Pope Francis denounces religious fanaticism in city reduced to rubble when ISIS persecuted Christians and other faiths

(Photo: Vatican Media)On the way to holy Mass at the "Franso Hariri" Stadium in Erbil on March 7, 2021.

Pope Francis visited a city reduced to rubble in the fight with the group calling itself Islamic State, which had tortured other faiths' followers while it held control and celebrated Sunday Mass there.

Joyous crowds later welcomed him to Iraq's Christian heartland, The New York Times reported.

"Here in Mosul, the tragic consequences of war and hostility are all too evident," Francis said.

"How cruel it is that this country, the cradle of civilization, should have been afflicted by so barbarous a blow, with ancient places of worship destroyed and many thousands of people -- Muslims, Christians, Yazidis, and others -- forcibly displaced or killed."

Thousands of people were killed during the battle to recapture Mosul from ISIS, which controlled the city between 2014 and 2017, waging its war in Islam's name.

"Our gathering here today shows that terrorism and death never have the last word," Francis said, speaking amid the rubble of an old church that only a few years ago had been used as a prison and shooting range by the extremists of the Islamic State.

"Even amid the ravages of terrorism and war, we can see, with the eyes of faith, the triumph of life over death."


The Mosul visit came on the third day of the Pope's tour of the war-ravaged nation, the first papal visit to Iraq, and Francis' first trip outside Italy since the coronavirus pandemic began. He has repeatedly denounced religious extremism and called for friendship between religions during the trip.

Appearing on a brilliant red carpet against a backdrop of rubble and ruin, Pope Francis visited the once-vibrant Iraqi city of Mosul on Sunday to illustrate the terrible cost of religious fanaticism, showing how, in that ravaged place, the price had been blood.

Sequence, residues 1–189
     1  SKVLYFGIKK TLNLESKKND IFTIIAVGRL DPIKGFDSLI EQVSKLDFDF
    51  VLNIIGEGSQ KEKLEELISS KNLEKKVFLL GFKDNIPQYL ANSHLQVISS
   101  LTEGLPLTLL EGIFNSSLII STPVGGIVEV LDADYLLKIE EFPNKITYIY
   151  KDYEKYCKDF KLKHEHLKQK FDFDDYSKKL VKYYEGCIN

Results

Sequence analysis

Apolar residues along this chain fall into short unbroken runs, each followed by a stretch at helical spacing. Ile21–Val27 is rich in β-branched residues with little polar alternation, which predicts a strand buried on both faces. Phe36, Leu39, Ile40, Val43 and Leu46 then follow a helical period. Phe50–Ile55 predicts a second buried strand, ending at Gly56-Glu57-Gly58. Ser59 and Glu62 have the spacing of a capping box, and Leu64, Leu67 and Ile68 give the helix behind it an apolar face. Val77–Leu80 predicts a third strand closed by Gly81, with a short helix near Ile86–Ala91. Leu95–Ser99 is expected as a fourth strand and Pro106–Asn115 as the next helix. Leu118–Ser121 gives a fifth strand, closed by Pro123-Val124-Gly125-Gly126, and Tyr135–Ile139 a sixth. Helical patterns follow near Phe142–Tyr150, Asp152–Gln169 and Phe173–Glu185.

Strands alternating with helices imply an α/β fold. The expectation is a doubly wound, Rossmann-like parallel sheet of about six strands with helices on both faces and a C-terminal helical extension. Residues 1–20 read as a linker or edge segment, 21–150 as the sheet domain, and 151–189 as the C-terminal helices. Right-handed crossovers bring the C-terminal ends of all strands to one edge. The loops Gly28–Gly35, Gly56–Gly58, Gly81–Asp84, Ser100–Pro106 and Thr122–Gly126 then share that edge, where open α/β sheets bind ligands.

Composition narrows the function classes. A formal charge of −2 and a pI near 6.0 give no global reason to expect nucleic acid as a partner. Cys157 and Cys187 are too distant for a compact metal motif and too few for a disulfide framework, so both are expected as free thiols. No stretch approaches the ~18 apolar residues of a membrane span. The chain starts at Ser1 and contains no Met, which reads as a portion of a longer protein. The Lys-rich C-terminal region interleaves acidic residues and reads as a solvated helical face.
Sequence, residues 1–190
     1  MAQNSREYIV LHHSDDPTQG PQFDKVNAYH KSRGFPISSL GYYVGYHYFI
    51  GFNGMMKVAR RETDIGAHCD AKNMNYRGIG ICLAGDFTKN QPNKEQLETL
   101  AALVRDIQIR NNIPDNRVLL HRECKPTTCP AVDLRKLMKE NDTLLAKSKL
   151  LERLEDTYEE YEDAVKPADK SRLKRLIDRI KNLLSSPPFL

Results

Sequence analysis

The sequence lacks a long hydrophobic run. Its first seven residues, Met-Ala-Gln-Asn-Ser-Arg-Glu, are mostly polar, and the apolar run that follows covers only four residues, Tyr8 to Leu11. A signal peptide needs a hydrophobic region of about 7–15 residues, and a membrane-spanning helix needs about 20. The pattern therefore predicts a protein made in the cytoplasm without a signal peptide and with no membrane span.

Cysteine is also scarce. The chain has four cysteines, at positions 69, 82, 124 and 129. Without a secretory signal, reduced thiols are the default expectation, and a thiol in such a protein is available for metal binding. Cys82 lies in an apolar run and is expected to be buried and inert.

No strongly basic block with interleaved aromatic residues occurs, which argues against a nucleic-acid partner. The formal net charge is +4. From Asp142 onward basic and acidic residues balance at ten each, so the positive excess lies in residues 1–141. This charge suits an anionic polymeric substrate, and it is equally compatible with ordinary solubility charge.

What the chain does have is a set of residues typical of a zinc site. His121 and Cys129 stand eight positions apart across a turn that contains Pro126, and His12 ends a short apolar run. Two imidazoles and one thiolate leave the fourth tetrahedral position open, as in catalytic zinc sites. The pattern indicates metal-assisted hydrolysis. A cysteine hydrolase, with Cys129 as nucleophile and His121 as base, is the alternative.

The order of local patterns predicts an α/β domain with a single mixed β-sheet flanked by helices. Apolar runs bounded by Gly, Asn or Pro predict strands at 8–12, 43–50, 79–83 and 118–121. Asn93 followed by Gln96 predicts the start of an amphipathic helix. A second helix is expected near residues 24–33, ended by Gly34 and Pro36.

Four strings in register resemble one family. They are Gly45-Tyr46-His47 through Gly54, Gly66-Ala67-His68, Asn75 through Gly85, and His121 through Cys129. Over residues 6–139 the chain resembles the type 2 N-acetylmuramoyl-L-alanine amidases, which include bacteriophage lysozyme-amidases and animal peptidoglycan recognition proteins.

On his last full day of a visit aimed at promoting harmony among people of different faiths, as well as offering support to a Christian community often persecuted, the Pope's visit to Mosul seemed to dispel any notion that his words had been mere abstractions said the Times.

Francis traveled to the Qaraqosh, the largest Christian city in Iraq, after leaving Mosul. Like Mosul, Qaraqosh was also controlled by the ISIS terrorists for more than two years.

The Pope visited the city's Church of the Immaculate Conception, where he gave a speech and led a prayer.

Thousands of people greeted him there -- a marked difference from his visits to other locations across Iraq. The government has imposed a total curfew for the entirety of the four-day papal visit to minimize health and security risks.

Late on Sunday, the Pope celebrated Mass at the Franso Hariri Stadium in Erbil, Iraq, State-run Iraqiya TV reported.

8,000 GATHER

Some 8,000 people gathered at the stadium to welcome the Pope there, security officials told CNN.

According to officials, the plan had been to have the 35,000 seat-stadium at some 50 percent capacity with an empty seat between each of the attendees to allow for social distancing.

However, images from the stadium showed swathes of the stadium stands filled with people seated closely together without physical distancing.

On the second day of his visit to Iraq, the preceding day, Francis had a private, 45-minute meeting with Grand Ayatollah Ali al-Sistani, 90, a revered spiritual and highly influential leader of Shia Muslims.

"The unprecedented encounter is widely considered of the utmost importance for Christian-Muslim relations and peace in Iraq and other countries," America Magazine, The Jesuit Review reported March 6.

By meeting with Grand al-Sistani in the holy city of Najaf, Francis threaded a political needle, seeking an alliance with an extraordinarily influential Shiite cleric who, unlike his Iranian counterparts, believes that religion should not govern the state.

"By meeting with Grand Ayatollah Ali al-Sistani in the holy city of Najaf, Francis threaded a political needle, seeking an alliance with an extraordinarily influential Shiite cleric who, unlike his Iranian counterparts, believes that religion should not govern the State," said The New York Times.

(Photo: Vatican Media)Shia leader, Grand Ayatollah Ali al-Sistani (l) in a meeting with Pope Francis in Najaf, Iraq on March 6, 2021.
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